Is your default response to a band who pride themselves on being mysterious, 'Oh, here we go again - all that theatrics is just covering up music that's nothing to write home about'? In that case, you're probably ready to give Londoners Fair Ohs a wide berth. Despite their debut, Everything is Dancing|, being quite an eye-opening record, they haven't suddenly dropped the veil and gone, 'Look, this is us!'. All we know of the trio is their first names; biographical details be damned - it's their music that matters most, and here is an album that makes the listener wonder how long more Eddy, Joe and Matt can keep that air of mystery up. Jungle Cats is every bit as inventive as their last outing, with the trio prepared to utilise everything but the kitchen sink in getting their brand of exotic punk across. This is a big and breezy-sounding album which will come with the inevitable comparisons to Vampire Weekend (which happen to be mostly, if not completely, off-base), and there's a strong whiff of early Foals on the chaotic-sounding 'Citric Placid', but Fair Ohs are definitely ploughing their own furrow.

The staccato blasts of guitar and inspired drumming of 'Green Apple Milk' open the album which immediately sets out to be more ambitious than its predecessor. The band play havoc with expectations throughout, but there are some moments on the opener which will leave the listener shaking their head in disbelief. How do 3-part saxophone harmonies and a psychedelic desert-rock coda find a place within the same song? I'm not entirely sure myself, but Fair Ohs pull it off with ease - and that's literally just the beginning. A reworked version of last year's 'Mayan Flex' is a slice of Afrobeat-inspired pop which will get hips shaking up and down the country, while the slick call-and-response approach of 'Sleep' is expertly executed, its chorus summing up the party atmosphere of the album nicely. "I won't go to sleep, no way, no way" - these three definitely sound like they'd prefer to stay up past dawn, all right, and the best thing about their new record is that there isn't a comedown in sight.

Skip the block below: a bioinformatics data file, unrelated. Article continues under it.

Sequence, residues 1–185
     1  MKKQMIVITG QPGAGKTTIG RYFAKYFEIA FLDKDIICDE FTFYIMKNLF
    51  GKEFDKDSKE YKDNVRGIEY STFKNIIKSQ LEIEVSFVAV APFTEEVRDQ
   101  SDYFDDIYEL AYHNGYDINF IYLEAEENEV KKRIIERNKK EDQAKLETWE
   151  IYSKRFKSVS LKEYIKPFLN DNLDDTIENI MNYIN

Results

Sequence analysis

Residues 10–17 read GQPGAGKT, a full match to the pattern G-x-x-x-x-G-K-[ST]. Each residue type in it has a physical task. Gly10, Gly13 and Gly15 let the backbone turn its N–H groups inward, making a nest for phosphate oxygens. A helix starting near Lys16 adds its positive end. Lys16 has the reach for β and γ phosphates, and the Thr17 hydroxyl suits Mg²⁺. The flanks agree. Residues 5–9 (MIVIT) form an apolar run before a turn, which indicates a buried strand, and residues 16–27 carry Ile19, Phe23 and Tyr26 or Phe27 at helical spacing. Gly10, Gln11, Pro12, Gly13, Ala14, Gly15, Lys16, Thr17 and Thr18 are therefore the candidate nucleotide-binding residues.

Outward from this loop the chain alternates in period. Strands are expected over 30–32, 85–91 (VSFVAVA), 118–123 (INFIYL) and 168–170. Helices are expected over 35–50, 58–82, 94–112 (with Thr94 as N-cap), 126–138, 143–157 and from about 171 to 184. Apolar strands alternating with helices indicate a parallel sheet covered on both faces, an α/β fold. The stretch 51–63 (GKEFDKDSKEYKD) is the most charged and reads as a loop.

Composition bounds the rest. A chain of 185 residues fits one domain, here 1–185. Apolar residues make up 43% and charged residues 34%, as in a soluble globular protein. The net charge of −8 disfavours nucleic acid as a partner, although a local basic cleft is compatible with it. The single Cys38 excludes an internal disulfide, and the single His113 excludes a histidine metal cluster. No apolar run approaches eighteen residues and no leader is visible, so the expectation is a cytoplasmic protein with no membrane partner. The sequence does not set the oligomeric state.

The gritty production fits with their punk aesthetic quite well; while some may call certain parts of the record under-produced (indeed, penultimate track 'Salt Flats' is great as it is, but it stands out as the most anthemic moment on the album, and could maybe use a little more polish as a result), it certainly works in their favour, and the celebratory swansong of 'Mountain Bombs' - which is an upbeat song despite its title - closes the album with aplomb, the euphoric rush of the false ending/final chorus combination sealing the deal nicely. There are plenty of bands like this, ones who make songs so infectious they should be deemed a health hazard, but there aren't many who can accomplish that with the sort of musical chops that Fair Ohs have. Jungle Cats is a spirited return for the band - and perhaps even better than what came before.